Father Donald Maripe Magoma, a Comboni Missionary from South Africa, talks about his vocation and his mission. He has encountered many obstacles, with no end in sight, but he has never given up. Today he flies on eagle wings.
I was born in 1979 in Masikwe, in the diocese of Witbank, South Africa. Going to church was my father’s exclusive business. Although he was a pastoral assistant in one of the thousands of ‘apostolic churches’ swarming South Africa, he never bothered to take his children with him on Sundays. Our mother, on the other hand, did not belong to any church, nor did she practice any religion.
The situation changed in 1990, when our parents left us in the care of our maternal aunt Jane, who was a staunch Catholic. For her, taking us to church was the most natural thing in the world. So, at the age of 13, I found myself enrolled in the catechumenate of the neighbouring parish. My first sister did not want to be outdone, and she joined as well. Two years later, we were baptised and confirmed. After us, the other brothers and sisters wanted to follow the same path. One fine day, much to our surprise, also mum decided to become Catholic, and dad did not take long to follow her.
Shortly before my baptism in 1994, the diocesan promoter of vocations came to our parish to talk about the various vocations in the Church. He insisted on the urgent need our diocese had for priests. He told us: “Our diocese covers an immense territory, inhabited by so many people, but it has only three local priests”. I swear that I did not fully grasp the importance of his speech, but I came away from that meeting with the idea that it was important that someone should become the fourth priest of the diocese of Witbank.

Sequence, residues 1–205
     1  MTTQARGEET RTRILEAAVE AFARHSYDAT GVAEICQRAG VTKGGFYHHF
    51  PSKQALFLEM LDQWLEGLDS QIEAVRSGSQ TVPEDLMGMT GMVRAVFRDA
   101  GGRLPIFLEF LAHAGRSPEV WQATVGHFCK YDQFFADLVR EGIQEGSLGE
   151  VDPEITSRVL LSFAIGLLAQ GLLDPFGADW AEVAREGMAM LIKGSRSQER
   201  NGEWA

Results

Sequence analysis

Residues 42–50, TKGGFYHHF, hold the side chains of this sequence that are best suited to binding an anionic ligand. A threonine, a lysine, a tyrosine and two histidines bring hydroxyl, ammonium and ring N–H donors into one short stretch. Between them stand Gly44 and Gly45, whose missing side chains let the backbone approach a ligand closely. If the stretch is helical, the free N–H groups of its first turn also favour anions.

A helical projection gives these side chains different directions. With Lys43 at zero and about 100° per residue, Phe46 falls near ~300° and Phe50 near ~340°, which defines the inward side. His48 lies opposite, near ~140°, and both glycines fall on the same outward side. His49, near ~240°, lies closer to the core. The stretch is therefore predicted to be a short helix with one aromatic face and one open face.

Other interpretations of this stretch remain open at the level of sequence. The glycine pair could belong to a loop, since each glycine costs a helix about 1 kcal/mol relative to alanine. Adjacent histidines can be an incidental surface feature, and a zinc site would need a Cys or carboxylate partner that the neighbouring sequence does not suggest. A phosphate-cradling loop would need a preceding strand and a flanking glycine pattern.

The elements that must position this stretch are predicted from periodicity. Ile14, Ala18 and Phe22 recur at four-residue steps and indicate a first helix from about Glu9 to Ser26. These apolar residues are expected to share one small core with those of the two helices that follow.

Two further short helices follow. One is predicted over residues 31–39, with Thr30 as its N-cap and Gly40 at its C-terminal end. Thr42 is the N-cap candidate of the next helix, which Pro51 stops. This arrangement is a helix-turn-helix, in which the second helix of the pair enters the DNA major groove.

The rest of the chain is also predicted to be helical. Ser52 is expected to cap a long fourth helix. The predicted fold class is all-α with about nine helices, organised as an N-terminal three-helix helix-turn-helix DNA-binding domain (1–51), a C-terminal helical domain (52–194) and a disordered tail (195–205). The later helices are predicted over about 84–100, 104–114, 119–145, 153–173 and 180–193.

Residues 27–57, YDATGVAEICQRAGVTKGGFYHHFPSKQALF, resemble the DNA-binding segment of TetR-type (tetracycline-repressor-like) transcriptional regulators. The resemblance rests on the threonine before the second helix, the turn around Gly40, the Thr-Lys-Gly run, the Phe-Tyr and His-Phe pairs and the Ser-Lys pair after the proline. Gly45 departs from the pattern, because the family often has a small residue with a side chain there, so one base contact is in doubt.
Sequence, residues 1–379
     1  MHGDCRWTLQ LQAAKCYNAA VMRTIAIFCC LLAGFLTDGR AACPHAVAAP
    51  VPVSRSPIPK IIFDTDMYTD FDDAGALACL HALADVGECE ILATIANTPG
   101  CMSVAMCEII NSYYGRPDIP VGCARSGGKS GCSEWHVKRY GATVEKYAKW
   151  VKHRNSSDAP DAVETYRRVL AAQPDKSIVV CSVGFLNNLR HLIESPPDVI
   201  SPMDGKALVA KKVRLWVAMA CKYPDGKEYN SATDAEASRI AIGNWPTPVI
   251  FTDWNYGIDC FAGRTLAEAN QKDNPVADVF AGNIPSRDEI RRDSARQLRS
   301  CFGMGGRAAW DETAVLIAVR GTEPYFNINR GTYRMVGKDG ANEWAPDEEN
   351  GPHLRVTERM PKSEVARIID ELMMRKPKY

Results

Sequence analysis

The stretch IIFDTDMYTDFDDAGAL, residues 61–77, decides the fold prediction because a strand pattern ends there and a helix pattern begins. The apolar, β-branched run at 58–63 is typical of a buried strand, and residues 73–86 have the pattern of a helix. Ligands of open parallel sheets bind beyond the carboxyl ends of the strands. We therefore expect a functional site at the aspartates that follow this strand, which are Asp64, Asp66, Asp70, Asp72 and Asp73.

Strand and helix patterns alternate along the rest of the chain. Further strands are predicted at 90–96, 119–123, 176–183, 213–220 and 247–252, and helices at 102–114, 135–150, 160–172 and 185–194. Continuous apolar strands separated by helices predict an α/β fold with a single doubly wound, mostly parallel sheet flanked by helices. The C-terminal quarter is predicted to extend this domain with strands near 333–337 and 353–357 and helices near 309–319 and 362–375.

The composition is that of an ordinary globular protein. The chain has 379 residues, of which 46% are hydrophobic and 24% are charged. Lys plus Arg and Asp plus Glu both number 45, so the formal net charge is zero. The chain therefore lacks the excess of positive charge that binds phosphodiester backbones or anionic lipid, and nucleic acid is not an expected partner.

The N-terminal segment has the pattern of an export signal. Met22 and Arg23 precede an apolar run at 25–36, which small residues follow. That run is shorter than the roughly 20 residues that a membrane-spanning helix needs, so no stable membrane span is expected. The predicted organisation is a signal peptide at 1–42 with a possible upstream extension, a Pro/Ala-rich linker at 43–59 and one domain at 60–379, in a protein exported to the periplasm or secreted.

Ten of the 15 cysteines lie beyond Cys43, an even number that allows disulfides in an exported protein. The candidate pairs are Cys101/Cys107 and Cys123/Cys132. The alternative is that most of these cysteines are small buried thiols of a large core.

So, soon after baptism, I began to attend all the vocational workshops organised by the parish, always driven by a half-hearted desire to be the fourth priest of the diocese. As chance would have it, the diocesan promoter of vocations left South Africa soon afterwards, recalled to his homeland by his superiors, and it took a long time for the bishop to find one priest to take his place.
One day, by pure chance, I came across a magazine published by the Comboni Missionaries in South Africa: Worldwide. The content of the articles and the perspective that I could grasp in the many testimonies reported in it, surprised me deeply: it was no longer a question of finding priests for a diocese, however vast and poor in personnel, but for the whole world, infinitely larger. It was immediately apparent to me that the world’s need for heralds of the gospel was far greater than that of the diocese.
I soon asked a sister who worked in the parish if she knew the address of the vocation promoter of this institute. She wrote it down on a piece of paper, but while handing it to me, she said: “Know that the missionary vocation is much more demanding and challenging than a call to the diocesan priesthood. You will have to leave your home, your country, your nation, and go where God sends you”. The challenge excited me: I would not be the fourth priest of my diocese, but one of those ‘crazy’ people who leave everything to go out into the world to announce Jesus and his message.